Kids need better play spaces at Edmonton's city hall, politicians say

A playground. An ice plant. These are two things some city councillors and the mayor want to add to the wading pool area outside Edmonton city hall.

'We want to make it fun for families,' says Mayor Don Iveson

"It's exactly the days when it is the most attractive to use it that we've been having to close it down," said Coun. Ben Henderson of the ice rink in front of city hall. (Lydia Neufeld/CBC)

The wading pool area outside Edmonton's city hall needs a playground and an ice-maker, city councillors say.

A $12.9-million upgrading project for the wading pool area and nearby Churchill Square is now in the design phase, with construction slated to begin in April 2018.

The project provides an opportunity for the city to look at how to make the area even more family-friendly, Coun. Bev Esslinger said Thursday.

"We're looking at everything from a playground to a playable piece of art ... or a pile of rocks," said Esslinger.

She said at present, children visiting city hall have nothing to do during the shoulder seasons when it's too cold for the wading pool or too warm for the ice rink.

Mayor Don Iveson told CBC's Edmonton AM on Thursday that city hall and Churchill Square need to be "a gathering place.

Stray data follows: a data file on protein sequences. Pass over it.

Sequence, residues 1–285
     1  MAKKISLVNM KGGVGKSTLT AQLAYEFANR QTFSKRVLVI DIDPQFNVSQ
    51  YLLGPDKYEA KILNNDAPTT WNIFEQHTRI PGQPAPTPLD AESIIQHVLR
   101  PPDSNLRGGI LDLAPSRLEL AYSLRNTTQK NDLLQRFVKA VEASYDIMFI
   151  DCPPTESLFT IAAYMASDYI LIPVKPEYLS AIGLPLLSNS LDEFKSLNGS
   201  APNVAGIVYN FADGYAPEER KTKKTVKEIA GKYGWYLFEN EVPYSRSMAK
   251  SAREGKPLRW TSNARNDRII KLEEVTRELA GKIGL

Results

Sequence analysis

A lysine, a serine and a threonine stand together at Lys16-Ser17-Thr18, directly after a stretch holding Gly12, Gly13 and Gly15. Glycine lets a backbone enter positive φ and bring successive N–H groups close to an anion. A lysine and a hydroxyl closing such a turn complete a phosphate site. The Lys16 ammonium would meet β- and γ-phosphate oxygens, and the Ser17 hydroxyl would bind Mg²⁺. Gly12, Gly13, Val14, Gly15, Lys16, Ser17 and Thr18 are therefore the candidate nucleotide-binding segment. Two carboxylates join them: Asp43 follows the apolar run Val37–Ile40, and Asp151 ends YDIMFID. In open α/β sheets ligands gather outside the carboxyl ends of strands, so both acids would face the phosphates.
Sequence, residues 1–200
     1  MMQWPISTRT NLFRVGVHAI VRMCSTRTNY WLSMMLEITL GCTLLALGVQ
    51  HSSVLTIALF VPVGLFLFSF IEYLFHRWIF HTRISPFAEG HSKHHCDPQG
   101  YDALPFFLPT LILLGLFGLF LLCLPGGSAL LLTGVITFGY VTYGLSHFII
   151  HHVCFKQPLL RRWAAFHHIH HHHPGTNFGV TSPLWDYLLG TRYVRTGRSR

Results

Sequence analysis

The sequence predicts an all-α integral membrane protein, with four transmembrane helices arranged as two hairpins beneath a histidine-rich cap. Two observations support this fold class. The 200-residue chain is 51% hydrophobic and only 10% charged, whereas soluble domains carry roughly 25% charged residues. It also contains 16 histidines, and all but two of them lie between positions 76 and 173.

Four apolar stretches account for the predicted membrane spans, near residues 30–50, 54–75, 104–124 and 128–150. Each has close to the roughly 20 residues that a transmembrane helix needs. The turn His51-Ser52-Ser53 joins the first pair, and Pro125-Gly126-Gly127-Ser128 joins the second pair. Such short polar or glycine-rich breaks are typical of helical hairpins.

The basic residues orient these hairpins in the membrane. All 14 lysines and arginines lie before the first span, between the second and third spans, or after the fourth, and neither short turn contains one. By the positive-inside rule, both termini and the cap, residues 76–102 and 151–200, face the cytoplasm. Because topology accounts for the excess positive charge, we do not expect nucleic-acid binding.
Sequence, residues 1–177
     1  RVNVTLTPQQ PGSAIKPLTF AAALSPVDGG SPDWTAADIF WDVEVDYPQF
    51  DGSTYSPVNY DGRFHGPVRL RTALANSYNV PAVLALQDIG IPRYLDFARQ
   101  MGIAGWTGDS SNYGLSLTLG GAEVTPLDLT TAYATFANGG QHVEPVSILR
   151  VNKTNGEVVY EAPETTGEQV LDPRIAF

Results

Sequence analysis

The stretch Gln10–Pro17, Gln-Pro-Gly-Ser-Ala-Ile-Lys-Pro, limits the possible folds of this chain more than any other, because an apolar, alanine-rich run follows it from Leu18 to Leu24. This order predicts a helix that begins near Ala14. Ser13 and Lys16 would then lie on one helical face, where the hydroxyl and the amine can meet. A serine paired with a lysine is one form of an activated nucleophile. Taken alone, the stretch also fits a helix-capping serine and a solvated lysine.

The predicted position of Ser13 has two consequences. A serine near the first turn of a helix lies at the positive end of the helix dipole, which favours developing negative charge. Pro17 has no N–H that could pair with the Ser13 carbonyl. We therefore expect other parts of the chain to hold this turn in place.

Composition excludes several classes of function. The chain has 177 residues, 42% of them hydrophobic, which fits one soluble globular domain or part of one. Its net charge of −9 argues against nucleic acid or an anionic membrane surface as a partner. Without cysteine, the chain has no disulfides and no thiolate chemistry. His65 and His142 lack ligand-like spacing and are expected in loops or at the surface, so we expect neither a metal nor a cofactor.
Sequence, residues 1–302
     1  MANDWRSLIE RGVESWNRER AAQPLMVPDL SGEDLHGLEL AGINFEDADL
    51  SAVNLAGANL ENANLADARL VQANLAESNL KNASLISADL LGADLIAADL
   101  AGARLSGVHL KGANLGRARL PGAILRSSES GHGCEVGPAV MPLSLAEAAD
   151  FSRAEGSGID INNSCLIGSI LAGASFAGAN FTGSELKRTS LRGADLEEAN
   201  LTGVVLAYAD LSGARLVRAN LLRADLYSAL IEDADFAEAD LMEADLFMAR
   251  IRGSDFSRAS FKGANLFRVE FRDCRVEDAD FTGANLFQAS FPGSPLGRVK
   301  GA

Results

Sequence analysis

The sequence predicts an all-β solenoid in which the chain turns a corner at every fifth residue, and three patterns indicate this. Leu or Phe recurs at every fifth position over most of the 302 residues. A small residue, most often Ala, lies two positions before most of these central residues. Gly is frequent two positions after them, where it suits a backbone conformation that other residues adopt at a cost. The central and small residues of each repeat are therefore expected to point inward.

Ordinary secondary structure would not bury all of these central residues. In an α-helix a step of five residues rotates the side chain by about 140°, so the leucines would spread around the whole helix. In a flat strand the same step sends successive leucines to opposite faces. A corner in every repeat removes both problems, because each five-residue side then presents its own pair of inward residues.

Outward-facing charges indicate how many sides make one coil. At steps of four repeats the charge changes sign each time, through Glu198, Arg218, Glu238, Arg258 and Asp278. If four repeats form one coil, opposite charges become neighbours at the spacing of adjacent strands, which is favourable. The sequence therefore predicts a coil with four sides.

"We want to make it fun for families," he said.

The wading pool has been operating for 25 years, and no longer meets provincial health standards in terms of water filtration requirements, said Iveson.

As a result, the redesign calls for the water to be ankle-deep instead of knee-deep, he said. The wading pool is expected to reopen in 2019.
A rendering of the city hall wading pool that depicts the proposed ankle-deep level. (City of Edmonton)

Esslinger and Iveson want city administration to investigate options to get around changing the pool's depth.

Coun. Ben Henderson agrees.

"I think we play with this at huge risk, it's been such a successful feature," Henderson said. "I think we should explore every option we have to keep as close to what we have as possible."

Henderson is also behind the push to add an ice plant to the project, to allow people to "skate on those lovely days when the ice isn't hard enough."

It doesn't need to go underground, and could be added at a later date, he said.

The ice plant was part of the original design when city hall was built in the early 1990s, but just never happened, said Henderson. Refrigeration pipes were put in at the time but are now leaking.

The pipe repairs are within the scope of this upgrading project, but the ice plant itself would be extra, said Henderson.

There's no estimate of how much an ice plant would cost.

With construction to begin in the spring, "time is pretty tight," Henderson said, adding councillors will have to make some decisions about the extras early in the new year.